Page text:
'The sea crimson sometimes like fire and the glorious sunsets and the figtrees in the Alameda Gardens....and the rosegardens and the jessamine and geraniums and cactuses...'....Ulysses, 1922.
In the centre of the Alameda Gardens, designed by Giuseppe Codali, the head gardener at the Alameda during the end of the 19th century, is the Molly Bloom Circle, a venue available for drinks receptions. His Italian influence can be seen throughout the design and layout of the gardens. For those of a literary bent, there is the curious association between Gibraltar and Molly Bloom and a statute stands in the middle of the circle to commemorate her. Much of Molly's famous soliloquy (the last 60 pages or so of the book) refer to her childhood in Gibraltar.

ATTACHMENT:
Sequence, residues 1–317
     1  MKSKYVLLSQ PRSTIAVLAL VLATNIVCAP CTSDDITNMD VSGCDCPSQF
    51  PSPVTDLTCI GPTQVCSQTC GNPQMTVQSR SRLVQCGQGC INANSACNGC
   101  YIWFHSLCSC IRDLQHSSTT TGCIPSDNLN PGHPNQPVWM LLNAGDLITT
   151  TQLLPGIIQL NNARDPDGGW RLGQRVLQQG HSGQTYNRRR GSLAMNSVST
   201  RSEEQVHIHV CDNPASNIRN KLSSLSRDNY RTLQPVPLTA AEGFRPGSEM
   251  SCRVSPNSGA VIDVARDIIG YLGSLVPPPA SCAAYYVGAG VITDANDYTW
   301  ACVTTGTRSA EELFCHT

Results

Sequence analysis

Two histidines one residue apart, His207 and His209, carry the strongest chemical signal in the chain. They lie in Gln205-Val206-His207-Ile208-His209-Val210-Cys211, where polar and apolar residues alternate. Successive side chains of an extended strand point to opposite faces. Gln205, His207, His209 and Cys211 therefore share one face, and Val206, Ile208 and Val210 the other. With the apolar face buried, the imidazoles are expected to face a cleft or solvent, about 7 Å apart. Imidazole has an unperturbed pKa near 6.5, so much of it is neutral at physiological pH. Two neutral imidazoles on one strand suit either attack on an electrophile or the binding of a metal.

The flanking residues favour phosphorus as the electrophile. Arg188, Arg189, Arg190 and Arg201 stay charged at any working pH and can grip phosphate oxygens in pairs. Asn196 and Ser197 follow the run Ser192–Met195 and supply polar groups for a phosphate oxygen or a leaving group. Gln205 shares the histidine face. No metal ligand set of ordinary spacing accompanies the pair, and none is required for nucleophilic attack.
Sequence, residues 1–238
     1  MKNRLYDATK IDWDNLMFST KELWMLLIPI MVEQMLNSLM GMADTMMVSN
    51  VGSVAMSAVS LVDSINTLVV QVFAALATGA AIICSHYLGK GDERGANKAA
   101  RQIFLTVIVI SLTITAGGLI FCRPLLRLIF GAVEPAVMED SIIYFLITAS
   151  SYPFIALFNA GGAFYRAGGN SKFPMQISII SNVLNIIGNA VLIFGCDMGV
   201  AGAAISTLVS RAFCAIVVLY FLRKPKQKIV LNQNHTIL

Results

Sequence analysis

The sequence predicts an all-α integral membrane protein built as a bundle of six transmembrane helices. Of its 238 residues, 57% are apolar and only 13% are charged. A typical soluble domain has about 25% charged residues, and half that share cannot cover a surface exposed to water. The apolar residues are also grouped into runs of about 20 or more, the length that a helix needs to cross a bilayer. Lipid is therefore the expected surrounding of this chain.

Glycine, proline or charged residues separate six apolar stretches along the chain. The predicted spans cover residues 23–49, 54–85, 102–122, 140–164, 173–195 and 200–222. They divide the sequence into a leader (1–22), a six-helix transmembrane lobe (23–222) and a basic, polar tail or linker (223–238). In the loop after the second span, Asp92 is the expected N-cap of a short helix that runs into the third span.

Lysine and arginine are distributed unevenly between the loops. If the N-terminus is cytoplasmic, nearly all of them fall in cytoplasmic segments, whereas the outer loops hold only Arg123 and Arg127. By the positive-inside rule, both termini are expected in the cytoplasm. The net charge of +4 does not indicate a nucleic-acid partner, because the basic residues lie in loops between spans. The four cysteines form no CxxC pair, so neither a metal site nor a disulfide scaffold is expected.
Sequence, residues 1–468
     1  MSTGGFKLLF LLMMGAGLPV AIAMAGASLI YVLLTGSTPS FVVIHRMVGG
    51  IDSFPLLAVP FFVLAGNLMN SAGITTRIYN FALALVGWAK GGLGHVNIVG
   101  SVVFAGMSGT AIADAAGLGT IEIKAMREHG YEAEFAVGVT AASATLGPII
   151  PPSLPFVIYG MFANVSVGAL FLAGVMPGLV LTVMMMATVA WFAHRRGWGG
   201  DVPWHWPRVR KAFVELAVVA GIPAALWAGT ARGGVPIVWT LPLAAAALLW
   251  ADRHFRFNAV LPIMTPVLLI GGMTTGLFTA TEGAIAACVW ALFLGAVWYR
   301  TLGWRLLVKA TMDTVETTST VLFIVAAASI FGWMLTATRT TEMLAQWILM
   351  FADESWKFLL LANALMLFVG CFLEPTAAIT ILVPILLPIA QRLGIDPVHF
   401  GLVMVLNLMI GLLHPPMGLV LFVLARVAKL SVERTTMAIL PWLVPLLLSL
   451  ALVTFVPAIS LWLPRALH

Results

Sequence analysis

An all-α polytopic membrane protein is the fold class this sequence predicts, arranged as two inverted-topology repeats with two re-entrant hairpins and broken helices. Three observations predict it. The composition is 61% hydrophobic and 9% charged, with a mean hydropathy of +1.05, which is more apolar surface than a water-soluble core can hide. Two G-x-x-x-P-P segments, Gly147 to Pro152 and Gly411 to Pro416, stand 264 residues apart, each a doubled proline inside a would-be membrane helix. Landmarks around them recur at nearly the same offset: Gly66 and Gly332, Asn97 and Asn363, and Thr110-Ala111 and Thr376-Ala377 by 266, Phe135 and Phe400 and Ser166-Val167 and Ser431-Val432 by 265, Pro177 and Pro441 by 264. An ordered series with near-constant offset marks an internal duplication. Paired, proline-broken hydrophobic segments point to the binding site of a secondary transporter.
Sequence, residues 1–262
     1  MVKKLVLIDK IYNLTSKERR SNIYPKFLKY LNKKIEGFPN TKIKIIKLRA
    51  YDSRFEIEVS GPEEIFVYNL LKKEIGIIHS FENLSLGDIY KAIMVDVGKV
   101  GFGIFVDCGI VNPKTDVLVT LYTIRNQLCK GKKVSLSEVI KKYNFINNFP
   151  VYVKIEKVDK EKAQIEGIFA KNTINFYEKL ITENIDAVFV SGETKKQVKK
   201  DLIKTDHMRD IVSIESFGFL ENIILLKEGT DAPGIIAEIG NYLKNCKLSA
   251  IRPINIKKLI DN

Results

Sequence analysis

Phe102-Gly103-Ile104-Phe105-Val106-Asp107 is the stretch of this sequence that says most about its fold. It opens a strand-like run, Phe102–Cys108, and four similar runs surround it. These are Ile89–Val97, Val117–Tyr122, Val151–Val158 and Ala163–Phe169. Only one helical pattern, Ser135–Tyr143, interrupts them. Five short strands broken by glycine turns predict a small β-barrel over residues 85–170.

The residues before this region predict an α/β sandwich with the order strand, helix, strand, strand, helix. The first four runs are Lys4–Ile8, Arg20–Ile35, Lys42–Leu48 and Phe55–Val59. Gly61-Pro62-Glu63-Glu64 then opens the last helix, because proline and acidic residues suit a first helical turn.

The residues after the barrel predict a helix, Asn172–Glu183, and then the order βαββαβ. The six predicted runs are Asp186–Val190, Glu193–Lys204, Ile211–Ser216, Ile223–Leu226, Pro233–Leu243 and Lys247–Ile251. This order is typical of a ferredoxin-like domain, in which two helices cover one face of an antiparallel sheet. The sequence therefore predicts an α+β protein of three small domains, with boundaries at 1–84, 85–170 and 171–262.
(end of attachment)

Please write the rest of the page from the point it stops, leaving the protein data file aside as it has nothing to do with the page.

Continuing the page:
So who exactly is or was Molly Bloom? She was the fictional wife of Leopold Bloom, the central character in James Joyces's 1922 Irish novel, Ulysses, who was having an affair with Hugh 'Blazes' Boylan. Molly, whose given name is Marion, was born in Gibraltar on 8 September 1870, the daughter of Major Tweedy, an Irish military offier and Lunita Laredo, a Gibraltarian of Spanish descent. Molly and Leopold were married on 8 October 1888. In Dublin, Molly is an opera singer of some renown.